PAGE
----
This national treasure of a park has paid the price of its popularity, though, with cracked sidewalks, a historic fountain in disrepair and a sense that it is on the brink of becoming an extended dog run for humans. Long ago the dealers became the official park greeters, offering their services to anyone in need of something to smoke.

    Although previous proposals to renovate the park met with strong opposition - who among us wants their backyard closed for construction? - the city's Department of Parks and Recreation finally announced its determination to conduct a two-phase, wholesale restoration that would begin in late summer. Since then, every conceivable vested interest has raised a voice at meetings large and small, save for the dealers, who remain outside, whispering: "Smoke? Smoke?"

    There is the Washington Square Park Task Force and the Open Washington Square Park Coalition. There is the Washington Square Park Dog Run Association and the Washington Square Small Dog Run group. There are the champions of the playgrounds, the defenders of the summer music festival, the protectors of the chess games, and a man named Arnie, who speaks for the Scrabble contingent.

    In the fine tradition of Village dissent, some say the city's plan is a $16 million mistake. The Coalition for a Better Washington Square Park - yes, another coalition - says the proposed restoration is needlessly broad and would reduce the park to a closed construction site. Better to focus on basic improvements, the coalition says, while also keeping the park open.

    The Manhattan parks commissioner, William T. Castro, says that city officials have addressed many concerns by making various changes to the original plan. Attendance has gradually dropped at recent public hearings and the last meeting was exceedingly civil, he said, which might mean that a silent majority is approaching grudging acceptance of the project.

    "It's not that everyone doesn't have an interesting point," he said. "It's when they're in conflict with somebody else's that is a problem. And at some point, after compromises and meeting people halfway, you have to move forward."

    TRY telling that to the Mounds People. Not the Clay People of Flash Gordon fame, or the Mole People once rescued by Superman, but the Mounds People of Greenwich Village. They are the guardians of the mounds, a closed-off manmade formation of three black lumps that rise a few feet from the ground, not far from where chess hustlers beseech passers-by to try their luck at the Game of Kings.

    Some people might see the mounds and think: The city really ought to remove these eruptions from the face of the park.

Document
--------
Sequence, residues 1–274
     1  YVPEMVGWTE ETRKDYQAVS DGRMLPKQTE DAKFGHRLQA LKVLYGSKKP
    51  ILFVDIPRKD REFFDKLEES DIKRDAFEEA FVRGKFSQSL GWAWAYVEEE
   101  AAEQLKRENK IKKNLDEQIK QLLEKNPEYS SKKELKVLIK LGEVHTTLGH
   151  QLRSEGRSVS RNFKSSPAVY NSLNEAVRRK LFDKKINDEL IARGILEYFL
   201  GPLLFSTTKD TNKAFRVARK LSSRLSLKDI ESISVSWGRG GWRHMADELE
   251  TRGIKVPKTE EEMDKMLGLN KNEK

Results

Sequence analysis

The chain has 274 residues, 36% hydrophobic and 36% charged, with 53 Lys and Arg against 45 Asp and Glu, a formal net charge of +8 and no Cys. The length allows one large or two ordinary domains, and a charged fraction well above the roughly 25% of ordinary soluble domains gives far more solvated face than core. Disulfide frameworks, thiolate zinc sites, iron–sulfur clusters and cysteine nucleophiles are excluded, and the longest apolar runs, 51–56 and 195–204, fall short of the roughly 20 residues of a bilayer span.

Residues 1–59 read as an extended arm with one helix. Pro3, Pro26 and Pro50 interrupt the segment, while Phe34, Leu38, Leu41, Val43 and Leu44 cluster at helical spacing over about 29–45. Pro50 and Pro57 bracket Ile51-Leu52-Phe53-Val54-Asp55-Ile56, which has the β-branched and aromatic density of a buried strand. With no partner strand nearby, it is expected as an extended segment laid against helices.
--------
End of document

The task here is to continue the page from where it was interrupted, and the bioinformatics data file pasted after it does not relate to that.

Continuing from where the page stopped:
The city plans to do exactly that, and to replace them with a play area for adolescents. But the Mounds People see them as beloved remnants of a playground that was state of the art in its day, the scene of first downhill steps taken by their toddlers. What's more, says Leonie Haimson, a spokeswoman for a group called Save the Mounds, "They're the only hills for miles around in Lower Manhattan."

    Ah yes, the cynic might say, the four-foot Himalayas of Lower Manhattan. The view must be spectacular from up there, but no shouting, please. Avalanches, you know.

    But like the dog owners and the chess people, the Mounds People present a passionate argument. Conceding that the mounds are in disrepair - the city's fault, they say - they contend that they have broad community support, and they have raised enough money to cover them with a child-friendly green surface to play on.

    "There are swings all over, there are slides all over," says Amy Kaplan, of the mounds cause. "The mounds are unique."

    Aubrey Lees, the chairwoman of Community Board 2's parks committee, is quite familiar with the Mounds People's position, but does not sound as though she's about to belt out "Climb Every Mountain."

    "There's a certain segment of the community with a strong emotional attachment to the mounds," she says. "But there's a larger part of the community that think it's hideous."

    So another corner of the city tries for communal balance. The other day, near the mounds, a hustler called out, "Chess?" The passer-by answered, "Checkers."

    Copyright 2005 The New York Times Company

    Quote Originally Posted by TLOZ Link5
    My favorite compaint is that the wrought-iron fence that's being planned will violate the First Amendment, since it includes gates that will close when the park shuts down for the night.

    I think it's most obvious, however, that something needs to be done, and soon.

    How long can we expect this renovation to go on? Bryant Park's took around four years, and there was a seven-year initial revitalization project before that.

  6. #6


    This is ridiculous. Considering its location, one descriptive word for the park - crappy.

    Some people would accept minor cosmetic improvements just to avoid construction inconvenience.

    I'm confused about one point: Washington Square Small Dog Run group.